Master Pattern Mixology
As I promised in my last blogpost “Must have For Men”, I will talk about pattern mixing because I face this problem every day and I wanted to dedicate this blog to talk about mixology. Well, not the bartender type, although it wouldn’t be a bad idea.
I will be talking about Pattern Mixology rules and guidelines that will help some to learn something and some to just hear a different point of view.
Pattern-mixing can be very tricky at times, but I promise I will make it easy and simplify it for you.
Here are the three guidelines to follow and then I will break down and simplify them:
- Three main categories here: 1) check/plaids 2) stripes 3) prints like (polka dots, paisleys, wild animals. If you try to imagine and combine these patterns together they counterbalance each other.
- Very important to pay close attention to the size of the pattern. They should at a different scale if you are trying to combine them. Example: if you are wearing plaid pattern Blazer, under any circumstances your trousers should be Glen Check or Prince of Wales Check. This will just mess everything up. This also applies to the shirts which leads me to the 3rd
- When you are doing a pattern mixing, you must distribute the weight appropriately. The three patterns should be different levels of “boldness” and “loudness”. So what I mean by that: one pattern in your look should not be noticeable (for exp: Shirt). Other one should be more conservative; evident but not overpowering (for exp: Tie). And one should be a little bold and flashy, within reason of course (for exp: Suit). This is never in this same order, you can always play around with what is bolder and flashier in your outfit.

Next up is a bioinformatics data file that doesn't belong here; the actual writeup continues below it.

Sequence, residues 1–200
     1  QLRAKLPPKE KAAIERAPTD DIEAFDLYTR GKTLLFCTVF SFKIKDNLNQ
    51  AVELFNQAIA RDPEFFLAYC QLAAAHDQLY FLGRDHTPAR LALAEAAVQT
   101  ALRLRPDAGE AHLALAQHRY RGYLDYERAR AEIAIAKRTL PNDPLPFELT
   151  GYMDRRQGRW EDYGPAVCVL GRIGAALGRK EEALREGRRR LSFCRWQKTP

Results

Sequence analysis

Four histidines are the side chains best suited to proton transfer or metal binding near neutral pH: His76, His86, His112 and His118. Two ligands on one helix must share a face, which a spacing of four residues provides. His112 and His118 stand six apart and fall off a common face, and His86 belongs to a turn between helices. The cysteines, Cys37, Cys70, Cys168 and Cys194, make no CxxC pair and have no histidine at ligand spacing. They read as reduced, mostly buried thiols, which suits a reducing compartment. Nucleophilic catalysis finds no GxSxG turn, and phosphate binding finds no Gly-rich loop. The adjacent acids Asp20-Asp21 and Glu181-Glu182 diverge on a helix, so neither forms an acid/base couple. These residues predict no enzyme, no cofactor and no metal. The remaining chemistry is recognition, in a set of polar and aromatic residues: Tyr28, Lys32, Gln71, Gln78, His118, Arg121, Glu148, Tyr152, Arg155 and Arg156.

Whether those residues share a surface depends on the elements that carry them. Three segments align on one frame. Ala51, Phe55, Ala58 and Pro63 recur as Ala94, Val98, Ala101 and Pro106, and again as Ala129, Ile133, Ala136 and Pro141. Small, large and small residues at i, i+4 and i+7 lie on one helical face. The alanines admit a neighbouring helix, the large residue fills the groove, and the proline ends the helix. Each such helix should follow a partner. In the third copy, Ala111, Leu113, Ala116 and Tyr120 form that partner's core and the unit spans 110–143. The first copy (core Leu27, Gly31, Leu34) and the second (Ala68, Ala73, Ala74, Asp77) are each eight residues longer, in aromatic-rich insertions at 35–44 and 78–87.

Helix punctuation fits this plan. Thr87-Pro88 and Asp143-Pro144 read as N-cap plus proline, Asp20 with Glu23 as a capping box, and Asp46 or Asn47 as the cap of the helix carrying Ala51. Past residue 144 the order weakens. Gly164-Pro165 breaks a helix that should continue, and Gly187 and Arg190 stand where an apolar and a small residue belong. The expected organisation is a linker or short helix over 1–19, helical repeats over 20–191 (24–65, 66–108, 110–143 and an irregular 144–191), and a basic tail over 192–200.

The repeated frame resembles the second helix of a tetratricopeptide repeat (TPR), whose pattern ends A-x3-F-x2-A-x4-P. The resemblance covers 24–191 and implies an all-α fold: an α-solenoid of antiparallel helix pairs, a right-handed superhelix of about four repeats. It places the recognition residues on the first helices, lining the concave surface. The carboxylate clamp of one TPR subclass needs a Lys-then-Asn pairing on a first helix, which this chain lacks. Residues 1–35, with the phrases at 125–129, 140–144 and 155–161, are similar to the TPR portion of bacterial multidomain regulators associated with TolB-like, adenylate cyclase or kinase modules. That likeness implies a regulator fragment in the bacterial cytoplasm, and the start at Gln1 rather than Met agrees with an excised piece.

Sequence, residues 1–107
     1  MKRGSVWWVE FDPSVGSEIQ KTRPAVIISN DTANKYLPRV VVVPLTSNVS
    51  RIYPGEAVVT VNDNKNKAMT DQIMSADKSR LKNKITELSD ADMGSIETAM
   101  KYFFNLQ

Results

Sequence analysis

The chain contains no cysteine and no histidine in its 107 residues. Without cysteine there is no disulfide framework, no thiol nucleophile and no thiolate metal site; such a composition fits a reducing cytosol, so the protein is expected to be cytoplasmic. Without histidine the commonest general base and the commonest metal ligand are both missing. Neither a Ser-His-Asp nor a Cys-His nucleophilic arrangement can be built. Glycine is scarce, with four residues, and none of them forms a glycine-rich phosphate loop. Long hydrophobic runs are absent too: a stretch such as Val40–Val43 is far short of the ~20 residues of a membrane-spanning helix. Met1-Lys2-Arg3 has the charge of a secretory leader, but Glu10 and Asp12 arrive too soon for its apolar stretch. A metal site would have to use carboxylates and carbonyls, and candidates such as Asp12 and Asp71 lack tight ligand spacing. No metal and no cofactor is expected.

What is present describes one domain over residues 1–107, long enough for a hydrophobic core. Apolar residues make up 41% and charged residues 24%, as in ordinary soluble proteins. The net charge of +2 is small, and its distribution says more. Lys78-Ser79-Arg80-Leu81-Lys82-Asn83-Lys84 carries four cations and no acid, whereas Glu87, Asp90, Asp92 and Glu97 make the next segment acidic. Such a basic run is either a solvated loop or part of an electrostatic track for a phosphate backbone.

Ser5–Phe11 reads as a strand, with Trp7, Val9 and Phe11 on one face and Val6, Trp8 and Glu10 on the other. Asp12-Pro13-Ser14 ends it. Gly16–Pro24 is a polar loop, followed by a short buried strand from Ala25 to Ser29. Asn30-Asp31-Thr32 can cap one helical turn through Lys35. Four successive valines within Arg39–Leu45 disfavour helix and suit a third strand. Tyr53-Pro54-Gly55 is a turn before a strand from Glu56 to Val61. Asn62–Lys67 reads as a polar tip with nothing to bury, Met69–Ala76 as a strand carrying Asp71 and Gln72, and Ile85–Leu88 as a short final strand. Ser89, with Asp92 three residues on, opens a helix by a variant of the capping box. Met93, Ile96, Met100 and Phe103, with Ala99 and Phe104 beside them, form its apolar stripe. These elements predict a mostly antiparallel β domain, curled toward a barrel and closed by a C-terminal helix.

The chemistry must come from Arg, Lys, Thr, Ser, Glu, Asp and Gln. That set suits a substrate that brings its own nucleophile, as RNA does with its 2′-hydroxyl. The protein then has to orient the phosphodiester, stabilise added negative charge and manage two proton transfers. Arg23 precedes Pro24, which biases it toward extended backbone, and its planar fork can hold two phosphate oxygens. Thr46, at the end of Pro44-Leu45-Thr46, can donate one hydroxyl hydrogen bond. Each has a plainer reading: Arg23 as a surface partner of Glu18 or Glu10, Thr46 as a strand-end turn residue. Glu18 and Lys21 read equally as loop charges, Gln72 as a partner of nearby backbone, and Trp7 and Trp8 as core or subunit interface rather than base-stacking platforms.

In general Suits are much easier to do mixology with, however, it becomes very hard when you try to do Suit Jacket or Sports Blazer with different trousers. In my opinion, that is the hardest and any one mastering that, can pretty much master it all in term of pattern mixology.
Of course nowadays, everyone is trying to be loud and think that being loud is making a statement. Guess what, I have some bad news, if you are not mixing it right or trying to do too much; it’s not not called loud and fancy or making a statement, it’s called UGLY with no taste at all.
Here is Rule Number 1 – for beginners – pick one loud item (Blazer) and think of how you can have this Blazer stand out without taking anything away from it. (FYI – I can always be reached if any assistance is needed)
For people who already graduated from beginner’s level, get little more creative and pick 2 items that you want to stand out and make a statement. Example: Suit and tie or Blazer and Tie.
Rule Number 2 – never pick 3 items to stand out, because the outcome of that will be going back to UGLY.
Rule Number 3 – never skip a step. Its ok to be a beginner, because all of us have been there. You must graduate from beginner’s level in order to move on. Think of it like Marshal Arts, you can’t just go and get a black belt. You must graduate each level to become a master of style and pattern mixology.
Bonus Tip – it’s all about mindset and thinking of it as an Art.
First time ever, I am doing something different because I truly see a problem.
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Stay tuned this Blogpost consists of 2 parts. To be continued…
Thank you for reading,